There are several reasons why someone may choose to live in their car. In fact, it’s becoming quite the trend on social media. While it may be trendy for some, for others, it’s a necessity, leading to well over 2 billion search inquires for “tips for living in your car” on Google alone.

Why Would Someone Consider Living in Their Car?

Living in your car used to be the last resort for those who lost their homes or those who lost their jobs, leading them to lose their homes. However, in recent years, living in your car has become a way of life for thousands of people for many different reasons.


Unfortunately, homeless shelters are often full, leaving hundreds of people forced to find alternative shelter, and for a lucky few who have a vehicle, they can use that to escape from the elements.

Desire to Travel

If you’ve got a desire to travel, then living and sleeping in your car may be something you’ve considered. Why – because it offers you the freedom to roam as you please. When living in your car, there is very little holding you back, which is why social media has exploded with those documenting their travels while living in their vehicles.

Saving Money

Many people across the country have watched their cost of living increase over the years, and while some people are forced to find ways to cut unnecessary costs, others are redefining what they consider as necessary. For example, instead of paying rent or a mortgage, hundreds of people have chosen to live in their vehicles to help them save money.


Tiny homes have been a thing for many years now, and in recent years, many have taken the concept and made it mobile by downsizing their space to include only their vehicle. Sure, living in a bus or RV can help you downsize quite a bit and help mobilize you; however, many don’t have the money to go that big. Instead, they downsize even further and make do with their van, truck, or car.

5 Tips for Living in Your Car Safely in the Winter

It doesn’t matter what your reason is for living in your vehicle. What’s important is finding a way to do so safely, especially when it comes to the chillier winter months. Here are five tips for living in your car safely this winter:

1. Insulation is Vital

It doesn’t matter where you’ll be parking your car at night – the temperature will drop. If you’re in warmer climates, then insulation could be as simple as using blankets as curtains for your windows. However, if you’re staying in an area that experiences extreme cold, you’ll need to amp up your insulation game by investing in other solutions such as Relfectix bubble packing insulators, which can be cut to size and will fit any window in your vehicle.

Other ways to insulate your vehicle could include placing insulation under a makeshift floorboard in your car and/or investing in a camping pad or mattress to lay on top of.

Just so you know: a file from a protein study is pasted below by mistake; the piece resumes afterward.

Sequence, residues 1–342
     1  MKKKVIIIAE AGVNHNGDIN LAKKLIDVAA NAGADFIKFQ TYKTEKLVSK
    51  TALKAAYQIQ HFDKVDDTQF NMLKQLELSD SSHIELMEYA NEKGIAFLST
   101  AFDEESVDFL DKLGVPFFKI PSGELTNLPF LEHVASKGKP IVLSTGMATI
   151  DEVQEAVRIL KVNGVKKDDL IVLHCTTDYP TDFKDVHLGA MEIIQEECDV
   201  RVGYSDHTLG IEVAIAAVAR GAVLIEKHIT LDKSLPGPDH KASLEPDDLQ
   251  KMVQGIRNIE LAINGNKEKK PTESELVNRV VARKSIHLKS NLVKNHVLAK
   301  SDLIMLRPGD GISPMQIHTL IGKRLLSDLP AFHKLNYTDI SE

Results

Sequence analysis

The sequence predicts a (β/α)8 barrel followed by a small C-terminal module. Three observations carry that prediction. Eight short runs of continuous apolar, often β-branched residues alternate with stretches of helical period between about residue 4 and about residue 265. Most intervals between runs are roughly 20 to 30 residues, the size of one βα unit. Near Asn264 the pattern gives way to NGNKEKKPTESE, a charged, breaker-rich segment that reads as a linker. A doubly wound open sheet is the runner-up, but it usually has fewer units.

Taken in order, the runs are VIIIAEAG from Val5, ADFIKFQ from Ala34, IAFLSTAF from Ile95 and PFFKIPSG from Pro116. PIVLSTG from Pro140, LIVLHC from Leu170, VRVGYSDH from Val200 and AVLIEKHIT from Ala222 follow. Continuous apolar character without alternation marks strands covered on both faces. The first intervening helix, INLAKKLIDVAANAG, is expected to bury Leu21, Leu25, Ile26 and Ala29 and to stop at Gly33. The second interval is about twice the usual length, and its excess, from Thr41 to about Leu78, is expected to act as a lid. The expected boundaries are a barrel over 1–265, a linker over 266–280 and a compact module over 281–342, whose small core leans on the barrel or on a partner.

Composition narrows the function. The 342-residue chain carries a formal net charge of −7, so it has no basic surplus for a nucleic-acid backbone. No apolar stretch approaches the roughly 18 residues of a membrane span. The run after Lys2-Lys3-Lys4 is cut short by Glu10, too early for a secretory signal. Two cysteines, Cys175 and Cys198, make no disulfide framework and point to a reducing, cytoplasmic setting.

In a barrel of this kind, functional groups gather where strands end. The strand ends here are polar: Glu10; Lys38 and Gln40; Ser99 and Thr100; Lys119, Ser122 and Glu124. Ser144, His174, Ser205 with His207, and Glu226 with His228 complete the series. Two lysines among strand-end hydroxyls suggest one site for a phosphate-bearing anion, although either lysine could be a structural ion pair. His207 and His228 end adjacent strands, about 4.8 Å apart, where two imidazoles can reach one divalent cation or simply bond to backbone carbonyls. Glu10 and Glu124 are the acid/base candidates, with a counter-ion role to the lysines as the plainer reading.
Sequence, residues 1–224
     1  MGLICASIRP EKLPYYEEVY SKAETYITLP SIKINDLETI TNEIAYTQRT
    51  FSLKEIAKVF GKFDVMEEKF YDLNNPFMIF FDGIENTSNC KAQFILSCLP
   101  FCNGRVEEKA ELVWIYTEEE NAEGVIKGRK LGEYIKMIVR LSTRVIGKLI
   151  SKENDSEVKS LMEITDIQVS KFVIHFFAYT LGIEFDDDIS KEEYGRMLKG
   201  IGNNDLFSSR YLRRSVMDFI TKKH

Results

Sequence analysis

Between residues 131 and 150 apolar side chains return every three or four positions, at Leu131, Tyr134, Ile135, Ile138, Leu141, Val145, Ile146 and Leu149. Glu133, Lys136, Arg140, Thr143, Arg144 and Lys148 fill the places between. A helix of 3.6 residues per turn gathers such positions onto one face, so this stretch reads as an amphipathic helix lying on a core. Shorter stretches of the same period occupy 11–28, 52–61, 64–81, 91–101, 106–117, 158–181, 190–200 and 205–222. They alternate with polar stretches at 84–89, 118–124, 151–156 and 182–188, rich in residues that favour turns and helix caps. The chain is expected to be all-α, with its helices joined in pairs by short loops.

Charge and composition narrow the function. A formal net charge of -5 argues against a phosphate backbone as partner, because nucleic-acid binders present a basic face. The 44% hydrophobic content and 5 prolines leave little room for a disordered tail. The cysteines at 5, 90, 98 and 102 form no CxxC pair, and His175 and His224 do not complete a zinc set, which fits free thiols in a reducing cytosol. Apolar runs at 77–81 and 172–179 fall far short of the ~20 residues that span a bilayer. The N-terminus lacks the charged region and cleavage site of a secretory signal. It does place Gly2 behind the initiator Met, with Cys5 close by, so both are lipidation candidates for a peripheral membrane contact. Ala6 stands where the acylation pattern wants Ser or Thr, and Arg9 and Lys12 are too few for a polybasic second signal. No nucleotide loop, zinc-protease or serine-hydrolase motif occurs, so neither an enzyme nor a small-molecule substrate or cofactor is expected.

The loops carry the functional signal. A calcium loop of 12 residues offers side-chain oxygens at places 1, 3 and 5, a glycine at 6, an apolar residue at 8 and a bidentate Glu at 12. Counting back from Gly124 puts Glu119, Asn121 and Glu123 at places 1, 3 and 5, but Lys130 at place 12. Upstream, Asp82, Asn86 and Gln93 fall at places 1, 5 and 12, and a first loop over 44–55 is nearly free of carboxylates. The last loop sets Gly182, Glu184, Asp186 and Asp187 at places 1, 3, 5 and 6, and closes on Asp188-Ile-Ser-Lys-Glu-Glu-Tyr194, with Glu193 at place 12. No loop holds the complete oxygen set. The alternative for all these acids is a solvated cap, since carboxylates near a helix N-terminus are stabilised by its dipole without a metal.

2. Kitty Litter is a Must-Have

You’ve likely heard the kitty litter tip to help you weigh down the back end of your car to help prevent fishtailing and that it can be placed on snow and ice to help your car with traction issues should you get stuck on the road.

However, this is a great tip for living in your car because it can be used to help control excessive moisture in your vehicle. For instance, you can place kitty litter inside of an old sock and place this in your windshield overnight to help prevent morning condensation buildup.

3. Make Room to Separate Wet/Dry Clothing

Another vital tip for living in your car during the winter is having a place to keep your wet items so that they do not come in contact with your dry clothing. If you’re living in an area with snow, you’ll want to create space for your wet shoes, socks, and other clothing to allow them to dry.

Absolutely never keep wet clothing items on as the temperatures begin to drop – even if you’re inside your car, as this can lead to hypothermia.

4. Choose Your Tires Wisely

You may not think your tires are essential to living in your car. However, if you’re required to move from location to location, then your car needs to be equipped with tires that can handle the terrain you’re on. If you’re located in a drier climate, then you’ll likely be able to use all-weather or all-terrain tires. However, if you’re in a location that experiences snow and ice, you’ll likely want to invest in snow tires.

5. Winterize Your Car Properly

Living in your car in the winter requires quite a few extra steps in your regular winterization routine. However, that doesn’t mean you can skip out on the usual winterization process, which should include:

  • Checking your battery’s health
  • Checking all fluids in your car, including oils, antifreeze, and windshield wiper fluids
  • Inspecting your wiper blades for damage and replacing them if necessary
  • Monitoring your roadside emergency kit and refilling necessary items
  • Having your car routinely checked by a professional to check the overall health of the vehicle